• R Radhakrishna
    26-41

    Issue: Nov-Dec 2020

    Education is a major determinant of human resource development which enables people to get better insights into the complex world they inhabit, enabling them to harness and experience their potential capabilities. This paper scrutinises the performance of the entire gamut of the education sector of India. To weigh this performance with some yardstick, the study makes a comparison of India’s performance with that of other BRICS countries. The study focuses on governance structure, quality of educational standards, and inequality issues, and addresses the issues relating to increasing prominence of privatization at all levels of education and its consequences on efficiency and equity in educational facilities. Overall, the study stresses the importance of “more and better education” including high levels of technical knowledge and skill formation. It highlights the possible impact of the COVID-19 pandemic on the education sector in India. Finally, it identifies the emerging challenges in higher education and suggests reforms for achieving efficiency with equity which is the sine qua non for building a better and advanced society.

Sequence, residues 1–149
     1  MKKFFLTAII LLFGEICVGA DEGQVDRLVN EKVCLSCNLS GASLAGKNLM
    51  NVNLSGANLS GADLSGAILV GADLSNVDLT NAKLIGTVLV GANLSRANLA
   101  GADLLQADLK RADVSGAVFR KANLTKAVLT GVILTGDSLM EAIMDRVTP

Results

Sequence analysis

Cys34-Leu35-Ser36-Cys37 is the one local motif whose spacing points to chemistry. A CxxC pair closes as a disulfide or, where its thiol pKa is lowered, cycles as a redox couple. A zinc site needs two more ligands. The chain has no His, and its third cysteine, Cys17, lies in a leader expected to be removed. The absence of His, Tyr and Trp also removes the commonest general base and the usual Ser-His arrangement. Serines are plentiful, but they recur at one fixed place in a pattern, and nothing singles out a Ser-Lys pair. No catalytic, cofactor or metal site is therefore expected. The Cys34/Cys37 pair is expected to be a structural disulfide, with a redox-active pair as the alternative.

• Shambhavi Naik, Ameya Paleja, Mihir Mahajan, Narayan Ramachandran, Sunila Dixit, Rahul Matthan, Nitin Pai, Pranay Kotasthane
    42-58

    Issue: Nov-Dec 2020